Thus began the full-album portion of Ween’s Sunday night Riot Fest appearance, which closed out the Radical Stage for the year. If nothing else, it was a relief to hear that the trepidation was shared. At first blush, The Mollusk feels like a strange choice for one of these full-album sets; of Ween’s catalog, it’s not celebrating a big anniversary (like 1994’s Chocolate and Cheese), nor is it the record where many longtime fans joined the party (like 1992’s Pure Guava). Instead, it’s half-prog concept record about the sea that’s probably the only album in the world to feature both an 15th century Child Ballad and a track about waving one’s dick in the wind.
That probably shouldn’t work on an audience at the end of a three-day music festival, but somehow, it did; in particular, the record’s nautical classic rock dirges (“Polka Dot Tail”, “The Golden Eel”) and surprising moments of sweetness (“It’s Gonna Be (Alright)”) seemed tailored for the oncoming fall and its ever-earlier sunsets. Dean and Gene kept things interesting for themselves, as well, delivering a self-described ska version of “Waving My Dick in the Wind” and amping up “Johnny on the Spot” with fast-forward guitars and vocals sung through a megaphone.
The Mollusk occupied the middle of Ween’s marathon two-hour set (the longest of any band at the festival by a full 30 minutes). Bookending it were spirited hits from across the catalog, from the redneck stank of opener “Big Jilm” to GodWeenSatan: The Oneness classic “I Gots a Weasel” to Chocolate and Cheese standouts “Spinal Meningitis (Got Me Down)” and “Roses Are Free”. That last one came as part of a rare festival encore, which Gene explained with chuckling candor.
“Hey you guys!” he said as the band reemerged. “I had to pee, because I’m 49.” –Tyler Clark
Forward, Girls: The riot grrrl proclamation hit the Riot stage like a punch to the face Sunday night for Bikini Kill’s headlining and closing set. The quartet, including new guitarist Erica Dawn Lyle, created a ferocious and infectious soundscape that facilitated Kathleen Hanna and the crowd’s yowls and bounces. Bikini Kill haven’t performed in Chicago since 1995 and haven’t released a new record since 1996, but the band’s catalog, which includes tracks like “Reject All Americans”, “Candy”, and “Star Bellied Boy”, is filled with plenty of bass-heavy punk spurts, each of which complete with Tobi Vail’s unabated drumming, which was met with eruptive applause, plenty of moshing, and crowd-surfing.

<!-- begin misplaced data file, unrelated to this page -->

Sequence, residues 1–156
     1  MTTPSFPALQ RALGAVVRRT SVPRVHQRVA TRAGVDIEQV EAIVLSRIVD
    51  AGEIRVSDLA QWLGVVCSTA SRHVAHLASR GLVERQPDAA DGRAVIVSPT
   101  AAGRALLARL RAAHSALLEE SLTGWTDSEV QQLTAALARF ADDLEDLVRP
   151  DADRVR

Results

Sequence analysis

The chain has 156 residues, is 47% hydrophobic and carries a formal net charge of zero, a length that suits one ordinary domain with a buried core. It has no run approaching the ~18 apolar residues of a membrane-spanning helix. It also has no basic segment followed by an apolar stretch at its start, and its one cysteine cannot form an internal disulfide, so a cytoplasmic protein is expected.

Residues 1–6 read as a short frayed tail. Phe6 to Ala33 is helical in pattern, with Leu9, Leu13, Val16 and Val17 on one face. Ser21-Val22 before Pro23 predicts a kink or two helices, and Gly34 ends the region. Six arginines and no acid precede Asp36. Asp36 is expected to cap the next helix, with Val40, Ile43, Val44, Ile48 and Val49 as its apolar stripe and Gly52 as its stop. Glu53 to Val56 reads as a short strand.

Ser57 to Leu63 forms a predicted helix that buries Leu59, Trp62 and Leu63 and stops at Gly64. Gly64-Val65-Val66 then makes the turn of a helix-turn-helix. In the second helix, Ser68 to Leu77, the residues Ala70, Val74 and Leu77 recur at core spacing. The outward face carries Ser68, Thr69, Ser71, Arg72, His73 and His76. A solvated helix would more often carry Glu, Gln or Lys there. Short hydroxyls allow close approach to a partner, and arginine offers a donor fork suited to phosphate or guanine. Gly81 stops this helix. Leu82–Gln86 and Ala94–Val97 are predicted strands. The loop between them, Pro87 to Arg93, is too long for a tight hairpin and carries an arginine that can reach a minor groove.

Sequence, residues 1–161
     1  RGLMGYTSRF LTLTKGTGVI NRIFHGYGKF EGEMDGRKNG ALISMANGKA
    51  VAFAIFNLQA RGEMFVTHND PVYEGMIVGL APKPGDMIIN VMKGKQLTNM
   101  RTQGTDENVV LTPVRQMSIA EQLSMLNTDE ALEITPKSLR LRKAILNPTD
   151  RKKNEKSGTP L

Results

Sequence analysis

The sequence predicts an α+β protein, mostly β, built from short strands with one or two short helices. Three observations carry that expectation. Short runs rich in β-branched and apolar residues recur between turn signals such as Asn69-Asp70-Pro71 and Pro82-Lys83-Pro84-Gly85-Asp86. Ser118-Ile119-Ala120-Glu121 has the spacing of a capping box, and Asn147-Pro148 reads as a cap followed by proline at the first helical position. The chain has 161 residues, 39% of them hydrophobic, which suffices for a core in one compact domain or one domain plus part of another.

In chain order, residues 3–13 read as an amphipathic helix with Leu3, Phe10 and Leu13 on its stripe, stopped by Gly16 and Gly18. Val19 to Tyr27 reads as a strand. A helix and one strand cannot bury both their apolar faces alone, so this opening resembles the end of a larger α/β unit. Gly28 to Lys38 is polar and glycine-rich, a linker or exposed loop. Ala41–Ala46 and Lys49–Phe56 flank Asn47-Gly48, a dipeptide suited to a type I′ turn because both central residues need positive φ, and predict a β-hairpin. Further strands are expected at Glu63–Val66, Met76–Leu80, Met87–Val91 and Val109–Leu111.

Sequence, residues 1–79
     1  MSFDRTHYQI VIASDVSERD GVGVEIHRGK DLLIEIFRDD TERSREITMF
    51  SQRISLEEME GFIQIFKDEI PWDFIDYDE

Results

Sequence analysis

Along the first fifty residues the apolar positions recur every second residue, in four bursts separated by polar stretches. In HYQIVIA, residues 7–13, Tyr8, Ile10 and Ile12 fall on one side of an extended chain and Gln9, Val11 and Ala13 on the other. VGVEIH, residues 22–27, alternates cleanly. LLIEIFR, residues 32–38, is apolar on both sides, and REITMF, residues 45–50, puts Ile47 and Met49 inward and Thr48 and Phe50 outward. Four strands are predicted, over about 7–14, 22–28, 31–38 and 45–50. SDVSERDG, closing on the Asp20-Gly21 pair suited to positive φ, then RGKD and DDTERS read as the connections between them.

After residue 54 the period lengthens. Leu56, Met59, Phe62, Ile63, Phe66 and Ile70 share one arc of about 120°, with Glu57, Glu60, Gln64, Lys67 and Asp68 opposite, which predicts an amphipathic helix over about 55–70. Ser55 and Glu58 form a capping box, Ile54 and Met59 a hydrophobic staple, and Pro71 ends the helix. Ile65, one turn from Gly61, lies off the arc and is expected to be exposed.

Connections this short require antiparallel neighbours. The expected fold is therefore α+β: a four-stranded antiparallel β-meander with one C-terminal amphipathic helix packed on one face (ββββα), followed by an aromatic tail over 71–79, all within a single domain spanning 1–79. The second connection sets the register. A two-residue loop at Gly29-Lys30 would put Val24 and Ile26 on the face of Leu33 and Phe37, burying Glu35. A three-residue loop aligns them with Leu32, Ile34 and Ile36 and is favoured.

In true Bikini Kill style, Hanna took time between songs to pepper in anecdotes on sexual harassment and assault, and the importance of feminism politically and in the music world, as well as representation for women and women of color. She even went on to share a somewhat inspiring story of how her “shitty teenage writing” is something she now performs for crowds of thousands all over the world to hear, going on to say, “Girls, save your writing, save your diaries, people want to hear your stories!”
It wouldn’t have been a Bikini Kill set without it leaving you a little pissed off, but also completely empowered and motivated to tell some Cisgender white male to “Shove it!” –Samantha Lopez
You Can Slay That Again: You didn’t need to know every riff off Reign in Blood or have a tattoo in Slayer font to make your way over to the Riot Stage towards the end of Saturday night. Just curiosity and maybe a little historical perspective. As announced, this would be thrash metal pioneers Slayer’s final show in both the Chicago and Milwaukee areas. And while farewell tours have almost become a joke when it comes to rock bands, longtime Slayer fans and relative know-nothings (like myself) all sensed that this set shouldn’t be missed.
The band screamed, blazed, and pummeled their way through 90 minutes of businesslike metal mastery. The normal favorites like “Angel of Death” and “Raining Blood” flowed as fireballs burst and red lights tinged the stage a bloody red. There weren’t many words from lead singer Tom Araya other than some simple thank yous, and that was fine. There was no need to manufacture the drama as the reality slowly sunk in that we might never see these guys leave it all on the stage like this again. But that’s really what stuck out about Saturday night’s farewell set. Slayer said goodbye in the same way they had gone about their business for decades on stages around the world: as conquerors.
Oh, what the hell. Fuckin’ Slayer! –Matt Melis
What Did We Learn? While the Lollas of the world rely on splash gets, news-breaking surprises, and celebrity drop-ins, the Riot Fest website sums up its ethos in far simpler terms: “I’m sorry we didn’t book the exact bands you wanted in the exact order you wanted, in the exact location you wanted, for free.”
It’s an old-school festival operating on the simple premise of trying to give its core audience what they came for while knowing full well that Jagger had it right all along: you can’t always get what you want. And, yes, there were scheduling issues and sound issues and planning issues that made for some minor headaches this weekend.
But when you look around at a Riot Fest crowd — hardworking folks who have lived long enough to see both the wonder and the shitshow that life can be — you sense they understand that nothing’s perfect. (Hell, that’s why half the bands we saw began in the first place.) By the end of the weekend, though, whether or not we got exactly what we wanted, most of us at least got what we needed.
Horns up, Riot Fest. Here’s to 15 more! –Matt Melis